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Question 5: What relationship should parents and families have to the integration of technology into ECE? There has long been a close relationship between ECE providers and families. Given the young age of children in ECE settings, parents are involved in most decisionmaking related to education and to all the other activities in which their child engages. In addition, because most children spend only 3–6 hours in ECE, parents also play an important role as “teachers” during time spent outside the classroom. For this reason, ECE programs and policies are often developed with the role of the family in mind.

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The question is whether ECE should be used to support more effective use of ICT in the home. Early childhood is an important time for the development of basic math and reading skills, as well as motivation and socialization, and interactions with parents and other family members have been shown to be related to skill development in these areas.75 In the area of ICT, parental roles in technology use are shown to be important in building technology literacy.76 However, studies indicate that home environments look quite different for disadvantaged children: While middle-class children typically have substantial amounts of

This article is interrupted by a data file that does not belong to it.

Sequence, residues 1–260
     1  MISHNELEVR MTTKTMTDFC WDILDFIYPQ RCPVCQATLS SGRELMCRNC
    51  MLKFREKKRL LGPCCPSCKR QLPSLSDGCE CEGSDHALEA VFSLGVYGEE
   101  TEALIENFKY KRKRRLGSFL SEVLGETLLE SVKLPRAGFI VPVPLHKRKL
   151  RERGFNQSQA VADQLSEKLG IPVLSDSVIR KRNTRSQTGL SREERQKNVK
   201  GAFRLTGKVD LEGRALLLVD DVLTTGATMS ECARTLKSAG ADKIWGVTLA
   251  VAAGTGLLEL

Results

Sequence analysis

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structured time that often includes adult supervision and instruction, their less-advantaged peers have fewer opportunities for out-of-school extracurricular activities and adult supervision.77 It is possible, therefore, that ECE providers could contribute to a child’s learning by developing parents’ confidence and capability to guide their children’s ICT use. With regard to ICT access, the question is whether ECE resources should be used to provide greater access to ICT in the home. Access to computer-based devices in the home can afford young children additional time to explore and build literacy. In addition, such policies have the potential to improve technology literacy among the entire family. Through loaner and free or reduced programs, ECE settings may help reduce barriers to access for low-income households. If the goal is to also improve the skills of the family, software and electronic content can also be made available for parents and siblings. Yet another question is whether ICT could also be used with the families of young children to support parental involvement. Studies have demonstrated that parental involvement and engagement with what is being learned in the classroom can have positive effects on a child’s learning.78 By making information on the students and the activities in the classroom available on electronic platforms, ICT may be able to reduce barriers to involvement in the case of parents with extended or inflexible work schedules. However, given limited access to computers in low-income homes, there may be barriers to accessing these resources. Providing opportunities for families to come into the classroom to use technology is another possible way of providing opportunities for parent and teacher communication and engagement.